<![CDATA[From Bombay Richard travelled a few hours east to Ganesh Puri to the ashram of Nityananda Baba, whose sacred tomb or Samadhi attracted lot of visitors. Here he felt spiritual vibrations more than real life. He was surprised to see the followers of the Baba chant the Hare Krishna Maha Mantra, the one Mother Ganges had revealed to him and which Srila Prabhupada had sung in Bombay.
He also visited Goa and at the Calangute Beach, he saw the same old scene that he had left behind in Europe; open consumption of drugs, intimate interactions between men and women, and rock and roll blaring. Uninterested, Richard walked through the sand and caught himself mentally criticizing the men and women. He prayed to be free from fault finding, but it was hard. On another day he saw a fish flapping desperately in the sand and Richard resolved to return him to his home in the sea. But each time the fish kept getting washed to the shore. Finally he held the fish in his cupped palms, tread into the ocean up to his neck and hurled him as far as he could. Then the fish was safe. Later he saw fishermen with their nets; the net was filled with hundreds of such little fish flapping for life and doomed to the frying pan. Richard soberly thought
“We are all like fish that have separated from the sea of divine consciousness. For a person to be happy outside his or her natural relation with God is like a fish trying to enjoy life outside of the water, on the dry sand. Holy people go to great extremes to help even one person to return to his or her natural spiritual consciousness, to the sea of true joy. But the net of maya, or illusion, snatches away the minds of the masses, diverting us from our true self-interest.”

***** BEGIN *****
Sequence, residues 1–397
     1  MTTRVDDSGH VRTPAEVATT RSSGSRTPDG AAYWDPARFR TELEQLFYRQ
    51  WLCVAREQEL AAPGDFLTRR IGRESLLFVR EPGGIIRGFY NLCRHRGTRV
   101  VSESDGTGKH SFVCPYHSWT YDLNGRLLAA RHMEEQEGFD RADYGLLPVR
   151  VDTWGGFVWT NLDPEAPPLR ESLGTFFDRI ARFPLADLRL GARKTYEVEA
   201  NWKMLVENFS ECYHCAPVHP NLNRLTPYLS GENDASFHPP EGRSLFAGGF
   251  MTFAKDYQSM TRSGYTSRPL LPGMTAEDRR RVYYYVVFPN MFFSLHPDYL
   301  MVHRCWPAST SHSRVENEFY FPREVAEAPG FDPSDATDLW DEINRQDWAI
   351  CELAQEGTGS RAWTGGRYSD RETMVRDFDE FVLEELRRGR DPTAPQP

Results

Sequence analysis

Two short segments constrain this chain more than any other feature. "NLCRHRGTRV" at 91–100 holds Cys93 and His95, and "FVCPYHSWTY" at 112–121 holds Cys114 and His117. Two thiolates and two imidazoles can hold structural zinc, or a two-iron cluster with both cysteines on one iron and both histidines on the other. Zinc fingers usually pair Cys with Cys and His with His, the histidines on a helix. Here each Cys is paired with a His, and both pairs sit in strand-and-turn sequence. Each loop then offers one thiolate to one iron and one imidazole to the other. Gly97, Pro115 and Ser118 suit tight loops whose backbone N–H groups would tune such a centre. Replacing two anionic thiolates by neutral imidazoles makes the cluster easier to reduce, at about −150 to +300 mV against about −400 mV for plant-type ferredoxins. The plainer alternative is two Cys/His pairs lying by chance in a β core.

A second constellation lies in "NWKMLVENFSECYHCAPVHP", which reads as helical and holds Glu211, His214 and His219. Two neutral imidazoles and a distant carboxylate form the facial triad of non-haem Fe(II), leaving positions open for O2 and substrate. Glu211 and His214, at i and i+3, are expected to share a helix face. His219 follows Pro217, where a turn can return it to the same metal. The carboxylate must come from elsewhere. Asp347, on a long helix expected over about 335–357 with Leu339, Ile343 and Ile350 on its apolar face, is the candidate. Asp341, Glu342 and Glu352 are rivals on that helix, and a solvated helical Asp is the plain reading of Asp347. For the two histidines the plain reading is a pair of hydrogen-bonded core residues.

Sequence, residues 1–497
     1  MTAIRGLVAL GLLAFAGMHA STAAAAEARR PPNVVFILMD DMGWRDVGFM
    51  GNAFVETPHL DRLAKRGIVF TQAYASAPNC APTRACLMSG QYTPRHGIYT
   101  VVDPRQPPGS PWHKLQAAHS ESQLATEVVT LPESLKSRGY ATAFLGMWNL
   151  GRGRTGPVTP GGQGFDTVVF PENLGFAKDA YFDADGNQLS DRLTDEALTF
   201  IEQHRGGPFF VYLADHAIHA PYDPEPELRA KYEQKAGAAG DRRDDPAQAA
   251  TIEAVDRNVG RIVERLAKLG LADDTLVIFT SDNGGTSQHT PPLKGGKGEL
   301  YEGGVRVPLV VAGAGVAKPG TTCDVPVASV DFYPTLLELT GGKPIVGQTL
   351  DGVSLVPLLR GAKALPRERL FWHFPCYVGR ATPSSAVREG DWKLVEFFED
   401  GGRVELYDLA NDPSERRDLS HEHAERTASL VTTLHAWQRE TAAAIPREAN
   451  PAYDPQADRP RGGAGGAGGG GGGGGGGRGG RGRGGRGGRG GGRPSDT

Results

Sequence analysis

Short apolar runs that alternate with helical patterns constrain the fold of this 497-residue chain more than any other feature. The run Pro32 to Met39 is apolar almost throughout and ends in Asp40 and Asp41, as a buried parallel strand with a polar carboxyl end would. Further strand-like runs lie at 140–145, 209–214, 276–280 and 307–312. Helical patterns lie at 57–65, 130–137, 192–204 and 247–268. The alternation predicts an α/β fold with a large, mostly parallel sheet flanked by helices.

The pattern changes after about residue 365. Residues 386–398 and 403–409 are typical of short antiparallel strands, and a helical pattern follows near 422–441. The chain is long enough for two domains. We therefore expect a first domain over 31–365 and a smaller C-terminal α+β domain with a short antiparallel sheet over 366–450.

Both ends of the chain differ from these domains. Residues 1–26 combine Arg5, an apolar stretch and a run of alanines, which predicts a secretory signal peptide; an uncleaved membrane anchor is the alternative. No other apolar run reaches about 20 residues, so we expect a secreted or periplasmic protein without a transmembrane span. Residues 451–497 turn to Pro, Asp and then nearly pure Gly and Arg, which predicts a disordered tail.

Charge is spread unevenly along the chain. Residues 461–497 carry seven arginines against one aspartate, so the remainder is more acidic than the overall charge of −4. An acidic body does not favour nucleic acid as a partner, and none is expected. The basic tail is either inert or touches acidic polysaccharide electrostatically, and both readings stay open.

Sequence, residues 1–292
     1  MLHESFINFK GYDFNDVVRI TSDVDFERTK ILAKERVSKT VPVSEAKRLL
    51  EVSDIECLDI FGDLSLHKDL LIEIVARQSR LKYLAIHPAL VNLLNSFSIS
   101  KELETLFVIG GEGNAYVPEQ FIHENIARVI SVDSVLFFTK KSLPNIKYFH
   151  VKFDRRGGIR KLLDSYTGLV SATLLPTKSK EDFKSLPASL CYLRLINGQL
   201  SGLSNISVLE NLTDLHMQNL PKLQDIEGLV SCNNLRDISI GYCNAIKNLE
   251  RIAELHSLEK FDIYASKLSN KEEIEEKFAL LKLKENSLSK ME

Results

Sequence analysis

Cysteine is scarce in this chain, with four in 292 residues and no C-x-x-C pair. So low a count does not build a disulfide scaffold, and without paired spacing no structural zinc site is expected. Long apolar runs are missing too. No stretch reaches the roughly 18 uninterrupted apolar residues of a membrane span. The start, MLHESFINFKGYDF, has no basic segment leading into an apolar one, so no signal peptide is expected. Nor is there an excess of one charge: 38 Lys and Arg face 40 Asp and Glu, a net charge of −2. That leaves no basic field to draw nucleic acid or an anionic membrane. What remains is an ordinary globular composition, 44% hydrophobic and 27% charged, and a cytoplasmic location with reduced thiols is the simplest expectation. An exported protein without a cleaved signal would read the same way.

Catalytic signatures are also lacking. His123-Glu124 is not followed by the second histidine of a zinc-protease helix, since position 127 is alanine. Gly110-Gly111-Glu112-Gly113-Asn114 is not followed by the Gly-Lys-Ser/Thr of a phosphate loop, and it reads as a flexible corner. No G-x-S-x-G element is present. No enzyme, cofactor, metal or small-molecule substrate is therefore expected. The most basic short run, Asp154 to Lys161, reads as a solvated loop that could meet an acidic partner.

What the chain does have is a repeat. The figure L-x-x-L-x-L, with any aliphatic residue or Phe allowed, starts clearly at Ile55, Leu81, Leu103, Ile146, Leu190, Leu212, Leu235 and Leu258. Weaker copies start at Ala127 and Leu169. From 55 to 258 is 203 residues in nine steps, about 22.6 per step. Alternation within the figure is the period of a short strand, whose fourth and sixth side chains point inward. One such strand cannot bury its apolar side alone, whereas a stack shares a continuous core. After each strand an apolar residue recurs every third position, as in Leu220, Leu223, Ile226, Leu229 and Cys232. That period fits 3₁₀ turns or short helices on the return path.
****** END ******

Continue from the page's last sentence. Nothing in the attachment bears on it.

Radhanath Swami implores practicing spiritualists to be careful of the temptations offered by the forces of illusion, maya, that threaten to distract a person from spiritual consciousness. He says, “A spiritualist hears two voices; God whispers in one ear and maya whispers in the other. Spiritual life throws up a choice of whose voice we prefer to hear.” Radhanath Swami defines maya as ‘that which is not’. In other words when we see things separately from their connection with God, we are trapped by the power of illusion.
When does maya act upon a soul? Radhanath Swami explains that we are all originally residents of the spiritual world. Just like, salt is by definition salty; sugar-sweet; water-liquid, similarly the living entity is naturally a servant of God, and experiences the bliss of complete freedom in rendering service to God in the spiritual world. Instead when we exercise our free will to attempt to be a master in this temporary material world, and enjoy independent of God, maya imprisons the soul in a material body. In the human body, the entrapped soul is blessed with the ability to break free from the shackles of material consciousness, and reestablish his or her loving relationship with God. Unfortunately however, most humans use their advanced mental faculties to only further the bodily comforts, and thereby ensure prolonged imprisonment in this world. Despite all attempts to squeeze out happiness from these perishable bodies, ironically, the soul- the prisoner in this material body- only experiences constant frustrations, and a deep sense of voidness.
A spiritualist therefore abandons material enjoyment preferring to choose a path of prayer and service. As Radhanath Swami aptly presents, “Essentially the living entity within material existence has two choices; to be a puppet of maya on the strings of material energy or to be a puppet of God on the strings of His love, and compassion.” Maya’s puppet experiences only frustrations, while God’s puppet experiences supreme bliss. To seek enjoyment is a natural propensity of all; a spiritualist chooses the right method to obtain it.
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